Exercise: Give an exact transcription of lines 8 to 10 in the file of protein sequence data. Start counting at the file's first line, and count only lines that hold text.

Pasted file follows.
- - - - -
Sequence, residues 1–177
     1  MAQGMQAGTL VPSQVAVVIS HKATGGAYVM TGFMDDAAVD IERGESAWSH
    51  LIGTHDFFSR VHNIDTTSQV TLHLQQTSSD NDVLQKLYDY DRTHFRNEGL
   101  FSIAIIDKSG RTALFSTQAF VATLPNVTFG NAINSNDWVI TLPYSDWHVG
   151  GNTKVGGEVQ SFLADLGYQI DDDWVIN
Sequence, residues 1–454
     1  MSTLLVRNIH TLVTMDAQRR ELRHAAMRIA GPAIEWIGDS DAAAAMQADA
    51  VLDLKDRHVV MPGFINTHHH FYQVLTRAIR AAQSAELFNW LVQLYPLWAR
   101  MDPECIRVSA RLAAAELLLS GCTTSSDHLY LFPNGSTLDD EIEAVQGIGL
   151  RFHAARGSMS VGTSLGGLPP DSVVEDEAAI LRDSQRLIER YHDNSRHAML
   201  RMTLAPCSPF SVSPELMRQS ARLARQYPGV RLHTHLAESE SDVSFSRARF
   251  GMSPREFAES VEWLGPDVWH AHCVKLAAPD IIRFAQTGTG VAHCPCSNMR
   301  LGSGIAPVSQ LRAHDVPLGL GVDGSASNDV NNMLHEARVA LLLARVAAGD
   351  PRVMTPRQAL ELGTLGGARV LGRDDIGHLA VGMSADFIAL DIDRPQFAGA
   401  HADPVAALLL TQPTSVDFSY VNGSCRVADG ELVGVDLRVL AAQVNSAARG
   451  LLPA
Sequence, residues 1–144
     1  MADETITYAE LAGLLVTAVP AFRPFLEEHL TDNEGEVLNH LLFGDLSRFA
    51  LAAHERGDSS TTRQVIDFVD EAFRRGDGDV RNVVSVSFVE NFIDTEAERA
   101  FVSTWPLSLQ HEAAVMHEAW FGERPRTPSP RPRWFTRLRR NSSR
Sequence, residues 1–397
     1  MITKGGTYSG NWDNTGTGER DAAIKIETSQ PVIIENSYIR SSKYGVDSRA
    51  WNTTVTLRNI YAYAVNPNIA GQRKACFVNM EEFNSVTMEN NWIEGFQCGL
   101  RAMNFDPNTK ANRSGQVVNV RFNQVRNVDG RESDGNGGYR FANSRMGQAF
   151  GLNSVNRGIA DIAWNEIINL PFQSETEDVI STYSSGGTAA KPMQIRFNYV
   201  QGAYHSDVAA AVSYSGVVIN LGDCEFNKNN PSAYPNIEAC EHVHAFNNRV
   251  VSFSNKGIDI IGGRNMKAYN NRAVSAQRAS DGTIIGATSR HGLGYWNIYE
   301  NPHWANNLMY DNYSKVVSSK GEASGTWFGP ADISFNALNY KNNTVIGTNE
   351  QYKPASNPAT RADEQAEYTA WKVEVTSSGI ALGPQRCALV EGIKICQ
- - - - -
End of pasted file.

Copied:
    51  VLDLKDRHVV MPGFINTHHH FYQVLTRAIR AAQSAELFNW LVQLYPLWAR
   101  MDPECIRVSA RLAAAELLLS GCTTSSDHLY LFPNGSTLDD EIEAVQGIGL
   151  RFHAARGSMS VGTSLGGLPP DSVVEDEAAI LRDSQRLIER YHDNSRHAML